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Building resilience in children

A young boy swinging upside-down from a tree

It's so important for their mental development and growth

A young boy swinging upside-down from a tree

Have you ever noticed that when things go wrong in life, some people are able to bounce back quickly while others have a harder time coping? The difference is in their resilience – the ability to use inner strength and lean on external support networks to get through tough times.

Resilience is an important factor in mental health and is essential for developing problem-solving skills, building and maintaining relationships and setting realistic goals – so it’s not hard to see the value of building resilience in children from a young age.

How does lack of resilience affect a child’s behaviour?

A lack of resilience in children could see them struggle to cope with challenges down the track, says psychologist Dr Marny Lishman.

“A lot of children are not resilient simply because they don’t have enough life experience to build it,” explains Marny. “Couple that with parents who often overprotect their children and don’t allow them to be curious and brave in the world, and it can lead to children then not being able to cope when life gets a little bit tough when they are older. The normal ups and downs of life end up being very difficult and there hasn’t been enough experience for them to understand that they can get through it.”

While you might not think children have to deal with much upheaval in their daily lives, consider things like moving homes, changing schools, studying for an exam, parents’ divorce or dealing with the death of a loved one. These can all be major triggers even for adults, so of course they will affect kids too. Children lacking resilience can find it hard to navigate change, are less adaptable and can feel stuck when life gets stressful, she adds, which is why it's important to help a child build resilience.

Where does resilience come from?

Resilience is a case of both nature and nurture, meaning it’s shaped by traits we are born with, such as our genes, temperament and personality, as well as the environment we live in, including our family, community and society as a whole.

Though we can’t alter our genetic makeup, we can better develop certain skills to strengthen our resilience, help us cope in the face of future adversity and help prevent mental health issues – and the same goes for kids.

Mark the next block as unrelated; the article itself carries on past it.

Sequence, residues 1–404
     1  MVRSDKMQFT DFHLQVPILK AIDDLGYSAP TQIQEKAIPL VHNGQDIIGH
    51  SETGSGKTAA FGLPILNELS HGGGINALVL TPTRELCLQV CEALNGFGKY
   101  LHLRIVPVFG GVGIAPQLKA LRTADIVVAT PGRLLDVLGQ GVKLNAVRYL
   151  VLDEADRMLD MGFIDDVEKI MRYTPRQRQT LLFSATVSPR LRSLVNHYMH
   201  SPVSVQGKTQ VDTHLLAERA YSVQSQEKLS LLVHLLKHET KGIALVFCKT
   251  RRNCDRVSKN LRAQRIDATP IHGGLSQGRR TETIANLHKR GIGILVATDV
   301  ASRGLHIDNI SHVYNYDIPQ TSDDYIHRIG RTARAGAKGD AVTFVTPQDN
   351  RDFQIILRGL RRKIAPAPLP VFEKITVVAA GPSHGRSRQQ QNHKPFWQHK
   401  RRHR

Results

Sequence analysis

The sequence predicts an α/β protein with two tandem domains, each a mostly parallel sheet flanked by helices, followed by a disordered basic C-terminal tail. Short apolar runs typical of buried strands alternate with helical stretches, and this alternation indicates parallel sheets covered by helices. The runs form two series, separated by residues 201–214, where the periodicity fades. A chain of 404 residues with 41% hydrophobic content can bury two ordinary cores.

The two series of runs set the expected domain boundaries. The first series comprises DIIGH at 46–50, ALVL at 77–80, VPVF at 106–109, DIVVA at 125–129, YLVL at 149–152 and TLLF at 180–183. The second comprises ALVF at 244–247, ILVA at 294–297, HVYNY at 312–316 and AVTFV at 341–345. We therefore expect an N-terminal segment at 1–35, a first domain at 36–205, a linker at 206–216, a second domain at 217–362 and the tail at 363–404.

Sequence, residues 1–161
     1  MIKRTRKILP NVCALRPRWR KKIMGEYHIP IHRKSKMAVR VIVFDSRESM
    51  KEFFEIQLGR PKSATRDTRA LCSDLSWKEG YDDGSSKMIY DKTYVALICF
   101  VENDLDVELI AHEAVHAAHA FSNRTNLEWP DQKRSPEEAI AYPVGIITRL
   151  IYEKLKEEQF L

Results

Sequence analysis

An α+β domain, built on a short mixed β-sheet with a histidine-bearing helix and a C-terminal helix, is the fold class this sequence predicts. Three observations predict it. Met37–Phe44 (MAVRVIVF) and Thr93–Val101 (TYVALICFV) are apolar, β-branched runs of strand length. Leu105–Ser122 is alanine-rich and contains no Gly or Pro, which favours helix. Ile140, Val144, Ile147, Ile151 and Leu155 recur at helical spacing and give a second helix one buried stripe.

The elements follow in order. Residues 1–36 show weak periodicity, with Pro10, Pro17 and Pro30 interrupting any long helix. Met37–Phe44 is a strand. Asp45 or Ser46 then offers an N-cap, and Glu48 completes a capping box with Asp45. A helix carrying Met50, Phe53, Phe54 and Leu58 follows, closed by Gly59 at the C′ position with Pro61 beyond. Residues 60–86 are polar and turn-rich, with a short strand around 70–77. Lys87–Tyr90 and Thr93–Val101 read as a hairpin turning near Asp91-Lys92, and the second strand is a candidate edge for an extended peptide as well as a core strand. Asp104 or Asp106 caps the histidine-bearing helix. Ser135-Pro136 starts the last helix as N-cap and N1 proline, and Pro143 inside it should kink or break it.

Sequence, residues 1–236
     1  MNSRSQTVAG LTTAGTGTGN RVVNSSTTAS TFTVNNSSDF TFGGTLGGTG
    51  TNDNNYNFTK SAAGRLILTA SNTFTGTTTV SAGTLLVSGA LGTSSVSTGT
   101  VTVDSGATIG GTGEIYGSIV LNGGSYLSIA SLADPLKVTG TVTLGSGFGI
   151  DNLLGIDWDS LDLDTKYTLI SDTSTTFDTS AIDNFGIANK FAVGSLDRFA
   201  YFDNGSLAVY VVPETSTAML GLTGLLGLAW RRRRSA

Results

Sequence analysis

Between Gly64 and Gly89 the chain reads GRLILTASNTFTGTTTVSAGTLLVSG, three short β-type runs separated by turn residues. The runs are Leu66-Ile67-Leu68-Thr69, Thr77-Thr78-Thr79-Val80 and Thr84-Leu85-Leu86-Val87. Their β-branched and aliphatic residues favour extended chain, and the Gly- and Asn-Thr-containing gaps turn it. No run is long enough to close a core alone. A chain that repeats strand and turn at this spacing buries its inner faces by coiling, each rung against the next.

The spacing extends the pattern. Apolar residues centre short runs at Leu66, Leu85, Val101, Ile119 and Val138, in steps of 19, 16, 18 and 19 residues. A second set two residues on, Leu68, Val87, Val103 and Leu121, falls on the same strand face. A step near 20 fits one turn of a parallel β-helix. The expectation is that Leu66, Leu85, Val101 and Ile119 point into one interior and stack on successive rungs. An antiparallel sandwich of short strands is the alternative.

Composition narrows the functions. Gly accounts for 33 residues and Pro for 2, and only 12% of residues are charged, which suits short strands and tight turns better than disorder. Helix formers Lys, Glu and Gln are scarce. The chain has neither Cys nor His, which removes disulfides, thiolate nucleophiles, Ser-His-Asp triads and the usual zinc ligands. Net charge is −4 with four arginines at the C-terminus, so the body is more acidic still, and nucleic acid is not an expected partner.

Resilient children will tend to approach new situations and people with confidence, be optimistic (but also realistic) and able to set realistic goals. They’ll also avoid self-blame and negative self-talk and will show positive self-image and high self-esteem.

A mum sitting at the dining table with her daughter having a chat

How to build resilience in children

Not sure how to build resilience in a child? One way, suggests Marny, is to take a more hands-off approach to parenting – as long as it’s done with the safety of the child as the top priority, of course.

“Naturally, many parents want to protect their children from harm, so they cushion them too much or shelter them from some of the harsher realities of life,” says Marny. “However some safer but still challenging situations are important for building resilience.”

Building resilience in children is about fostering autonomy and responsibility, encouraging them to build and strengthen supportive relationships with others, helping them identify and express their emotions, and creating opportunities for personal challenges to build their confidence.

How to build resilience in your child can depend on their age, Marny adds, although having safe and supportive family and friends in their social network is key for all life stages.

Other things Marny suggests that are specific to your child’s development level are:


  • Teach them to ask for help

  • Model healthy behaviours as parents and caregivers

  • Organise playdates

  • Creative play

Primary school

  • Organise playdates

  • Get them involved in sports or sporting teams

  • Play board games (teaching them winning and losing)

  • Help them face fear with support

  • Teach them meditation/mindfulness

High school/teens

  • Involve them in sport and other challenging activities

  • Provide opportunities for them to make decisions

  • Teach meditation/mindfulness

  • Encourage them to have a schedule

  • Nurture positivity, optimism and gratitude

  • Don’t always rush to help (unless they are unsafe, of course) – let them figure it out

If your child is struggling with resilience, speaking to your GP is a good place to start. You could also let them know about services such as Kids Helpline, or talk to the experts at Beyond Blue or Lifeline for help.

Of course, resilience isn’t just important in kids. Find out how to build resilience in adulthood.

Please note: The tips throughout this article serve as broad information and should not replace any advice you have been given by your medical practitioner.

About Dr Marny Lishman

Marny Lishman is a qualified psychologist who believes the challenges many people face are due to their lack of knowledge surrounding the mindset and lifestyle balance required to live a healthy, satisfying and fulfilling life. She is passionate about teaching the tools and techniques to promote a healthy mindset for better wellbeing and more success. Marny is partial to soy chai lattes and is on a mission to find Australia’s best avocado smash.

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